The parents have each been charged with 12 counts of torture, 12 counts of false imprisonment, seven counts of abuse of a dependent adult and six counts of child abuse. In addition, David Turpin has been charged with one count of a lewd act on a child under the age of 14 by force, fear or duress. They have each pleaded not guilty to all charges.
David Macher, a lawyer representing David Turpin, told ABC News: “What we would like the public to know is that our clients are presumed to be innocent, and that’s a very important presumption,” adding, “We’re going to provide a vigorous defense.”
Meanwhile, Hestrin said that when the siblings were not chained up, they were locked in different rooms and were not allowed to have toys. Investigators said they found many toys in the house; however, they were reportedly in their original packaging and had never been opened.
The Turpins are accused of starting the torture of their children when they lived in a rural area of North Texas near Fort Worth. Hestrin said the torture “intensified over time and worsened” when they moved to California in 2014.
“They were fed very little, on a schedule," Hestrin added.
The moved to a middle-class neighborhood in Perris, about 70 miles southeast of Los Angeles, where they home-schooled their children and allegedly kept them trapped inside the home.
A sister of Louise Turpin, Elizabeth Flores, told ABC the couple kept to themselves.
“This has been going on before they even had children. … They were real private, and they didn’t come around much,” Flores said.
Published: Tuesday, January 23, 2018 @ 10:26 AM
ABC News reported that the parents was moving from California to Oklahoma days before they were arrested and charged with torture and child endangerment, citing multiple unnamed sources.
David Turpin was getting a job transfer with a defense contractor he was working with, according to ABC News. Moving boxes were reportedly found at the residence. The report says the family has moved to multiple places over the years, including a home in Texas.
The couple’s 17-year-old daughter had escaped the home early Jan. 14 and called 911, saying her 12 siblings were “being held captive” at a Perris, California, residence by her parents.
The Riverside County Sheriff’s Department said in a Jan. 15 news release that the siblings, ranging in ages from 2 to 29, “appeared to be malnourished and very dirty.” Six of the siblings are minors.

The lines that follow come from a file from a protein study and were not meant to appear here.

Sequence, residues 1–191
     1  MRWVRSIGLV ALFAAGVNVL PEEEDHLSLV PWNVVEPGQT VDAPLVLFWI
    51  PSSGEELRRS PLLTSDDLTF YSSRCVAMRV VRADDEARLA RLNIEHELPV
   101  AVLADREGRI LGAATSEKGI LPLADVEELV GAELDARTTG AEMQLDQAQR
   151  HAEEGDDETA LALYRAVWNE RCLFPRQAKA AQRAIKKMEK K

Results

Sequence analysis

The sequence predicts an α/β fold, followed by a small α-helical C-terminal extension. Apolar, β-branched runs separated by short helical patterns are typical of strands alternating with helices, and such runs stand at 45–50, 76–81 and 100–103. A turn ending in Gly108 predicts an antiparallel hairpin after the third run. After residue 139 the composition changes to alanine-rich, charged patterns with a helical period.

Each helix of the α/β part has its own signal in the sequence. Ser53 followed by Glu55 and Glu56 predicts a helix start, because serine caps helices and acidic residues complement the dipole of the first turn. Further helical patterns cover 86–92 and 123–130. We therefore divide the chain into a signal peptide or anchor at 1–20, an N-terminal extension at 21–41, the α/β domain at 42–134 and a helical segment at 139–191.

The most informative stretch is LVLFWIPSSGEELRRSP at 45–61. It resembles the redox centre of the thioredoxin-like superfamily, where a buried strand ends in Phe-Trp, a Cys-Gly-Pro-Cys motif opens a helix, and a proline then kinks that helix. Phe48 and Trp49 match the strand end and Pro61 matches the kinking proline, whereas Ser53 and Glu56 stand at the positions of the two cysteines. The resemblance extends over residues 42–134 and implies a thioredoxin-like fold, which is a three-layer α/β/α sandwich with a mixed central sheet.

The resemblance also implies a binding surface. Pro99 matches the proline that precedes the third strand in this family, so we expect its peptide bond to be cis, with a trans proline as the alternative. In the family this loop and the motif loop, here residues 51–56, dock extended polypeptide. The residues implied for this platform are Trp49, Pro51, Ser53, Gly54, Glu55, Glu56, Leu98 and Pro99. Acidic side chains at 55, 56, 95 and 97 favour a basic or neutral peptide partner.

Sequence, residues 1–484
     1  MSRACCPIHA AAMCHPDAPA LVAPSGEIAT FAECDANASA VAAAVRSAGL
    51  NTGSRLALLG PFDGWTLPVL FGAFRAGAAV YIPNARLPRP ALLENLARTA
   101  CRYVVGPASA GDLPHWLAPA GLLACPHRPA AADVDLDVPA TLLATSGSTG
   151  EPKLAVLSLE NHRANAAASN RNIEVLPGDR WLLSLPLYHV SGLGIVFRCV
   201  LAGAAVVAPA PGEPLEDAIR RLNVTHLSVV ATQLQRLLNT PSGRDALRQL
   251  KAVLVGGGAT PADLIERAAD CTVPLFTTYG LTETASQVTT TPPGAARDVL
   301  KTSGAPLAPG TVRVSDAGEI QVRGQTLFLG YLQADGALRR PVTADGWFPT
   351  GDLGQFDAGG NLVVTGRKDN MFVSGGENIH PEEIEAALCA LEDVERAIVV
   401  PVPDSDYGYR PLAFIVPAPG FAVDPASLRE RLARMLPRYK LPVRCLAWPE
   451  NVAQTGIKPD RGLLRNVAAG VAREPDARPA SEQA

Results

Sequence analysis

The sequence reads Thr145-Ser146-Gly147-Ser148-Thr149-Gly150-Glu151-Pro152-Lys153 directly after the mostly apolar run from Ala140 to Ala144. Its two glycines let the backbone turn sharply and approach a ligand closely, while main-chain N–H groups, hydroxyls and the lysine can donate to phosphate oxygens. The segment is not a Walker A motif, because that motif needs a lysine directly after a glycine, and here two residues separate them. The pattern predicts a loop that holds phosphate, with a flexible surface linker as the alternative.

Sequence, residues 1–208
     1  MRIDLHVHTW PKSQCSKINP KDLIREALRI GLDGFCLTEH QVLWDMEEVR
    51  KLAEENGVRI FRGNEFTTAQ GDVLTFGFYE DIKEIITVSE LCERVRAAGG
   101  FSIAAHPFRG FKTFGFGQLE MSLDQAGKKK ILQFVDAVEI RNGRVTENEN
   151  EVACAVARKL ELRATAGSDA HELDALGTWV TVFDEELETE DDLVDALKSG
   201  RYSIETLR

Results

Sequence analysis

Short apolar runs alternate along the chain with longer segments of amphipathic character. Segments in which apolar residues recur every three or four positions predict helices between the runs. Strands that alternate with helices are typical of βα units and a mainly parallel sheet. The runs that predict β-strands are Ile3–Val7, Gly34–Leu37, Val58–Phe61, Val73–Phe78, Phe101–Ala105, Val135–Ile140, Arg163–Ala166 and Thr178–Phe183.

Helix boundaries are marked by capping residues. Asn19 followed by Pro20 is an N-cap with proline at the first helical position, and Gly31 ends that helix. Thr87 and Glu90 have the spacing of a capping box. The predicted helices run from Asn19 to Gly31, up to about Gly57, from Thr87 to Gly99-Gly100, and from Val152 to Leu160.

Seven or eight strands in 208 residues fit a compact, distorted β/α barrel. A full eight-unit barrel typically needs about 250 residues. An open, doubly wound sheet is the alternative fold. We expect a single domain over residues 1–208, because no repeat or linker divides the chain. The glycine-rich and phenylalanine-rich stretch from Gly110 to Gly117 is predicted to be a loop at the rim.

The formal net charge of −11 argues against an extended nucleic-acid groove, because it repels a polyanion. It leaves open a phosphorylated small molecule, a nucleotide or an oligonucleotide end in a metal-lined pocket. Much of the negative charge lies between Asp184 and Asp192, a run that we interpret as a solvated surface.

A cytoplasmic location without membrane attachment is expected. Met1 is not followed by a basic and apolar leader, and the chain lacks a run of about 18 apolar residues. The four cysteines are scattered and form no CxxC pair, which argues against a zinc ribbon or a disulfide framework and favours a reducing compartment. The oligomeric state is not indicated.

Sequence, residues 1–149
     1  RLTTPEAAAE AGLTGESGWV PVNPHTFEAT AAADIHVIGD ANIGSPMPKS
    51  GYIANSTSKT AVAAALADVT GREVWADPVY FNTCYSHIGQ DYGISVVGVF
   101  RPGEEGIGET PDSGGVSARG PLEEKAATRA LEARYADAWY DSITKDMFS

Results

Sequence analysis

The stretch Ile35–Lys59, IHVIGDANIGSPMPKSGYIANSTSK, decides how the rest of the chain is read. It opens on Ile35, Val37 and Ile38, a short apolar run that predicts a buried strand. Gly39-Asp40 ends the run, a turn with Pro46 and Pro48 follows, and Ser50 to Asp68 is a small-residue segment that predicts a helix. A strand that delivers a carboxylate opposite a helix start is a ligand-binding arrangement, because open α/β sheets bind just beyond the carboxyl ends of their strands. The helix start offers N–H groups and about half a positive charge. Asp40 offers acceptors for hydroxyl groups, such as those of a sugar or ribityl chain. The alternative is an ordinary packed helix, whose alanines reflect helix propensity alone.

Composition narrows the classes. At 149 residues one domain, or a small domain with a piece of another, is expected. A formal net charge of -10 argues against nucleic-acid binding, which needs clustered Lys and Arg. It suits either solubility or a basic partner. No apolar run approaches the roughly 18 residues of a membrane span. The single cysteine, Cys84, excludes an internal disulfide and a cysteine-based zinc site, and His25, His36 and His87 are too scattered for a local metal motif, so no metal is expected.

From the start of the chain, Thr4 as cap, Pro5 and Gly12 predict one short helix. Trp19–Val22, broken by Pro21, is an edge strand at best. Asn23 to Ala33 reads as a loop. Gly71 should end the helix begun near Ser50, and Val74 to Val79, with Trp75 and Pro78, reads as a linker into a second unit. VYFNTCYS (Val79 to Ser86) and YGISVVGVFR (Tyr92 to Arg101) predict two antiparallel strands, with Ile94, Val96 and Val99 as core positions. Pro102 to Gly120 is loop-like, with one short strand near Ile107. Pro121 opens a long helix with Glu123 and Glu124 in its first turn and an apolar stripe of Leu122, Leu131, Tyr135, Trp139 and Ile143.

Riverside County District Attorney Mike Hestrin said David Allen Turpin, 57, and Louise Anna Turpin, 49, were charged with 12 counts of torture and a lewd act on a child by force or fear of duress. The siblings could only have one meal a day and take one shower a year. Hestrin said at a news conference that the siblings were able to write in journals all the time, which will provide “strong evidence of what occurred in that home.”
Two dogs were found by authorities in the home, according to city spokesman Joe Vargo. Vadrgo said in a statement that the two Maltese terrier dogs were in much better condition than the siblings.
“The animals, one white and one black, appear healthy and friendly and are leash-trained, according to Christina Avila, a senior animal control officer,” a news release from the City of Perris said.
Published: Tuesday, January 23, 2018 @ 3:50 PM
RANKIN COUNTY, Miss. — Deputies in Mississippi arrested two women Monday night on suspicion of drug trafficking after authorities said they found 51 pounds of heroin and a 3-month-old child in an SUV the women were driving.
A deputy pulled over a Ford SUV on Interstate 20 in Rankin County on Monday night for an unspecified traffic violation. Authorities said that during the stop, the deputy became suspicious that the SUV was being used to transport drugs or contraband.
Deputies said the women in the vehicle, driver Arlene Viridiana Moya, 23, and passenger Trisha Lynne Ibarra, 23, allowed authorities to search the SUV. Inside, deputies said they found 51 pounds of heroin concealed in the vehicle.
Deputies estimated the drugs were worth between $2 million and $10 million.
Authorities also found Ibarra’s 3-month-old child in the SUV, deputies said. Rankin County Court Judge Tom Broome ordered the toddler be taken into the custody of Child Protective Services.
Moya, of Nuevo Laredo, Mexico, and Ibarra, of Laredo, Texas, were arrested on charges of aggravated trafficking of heroin.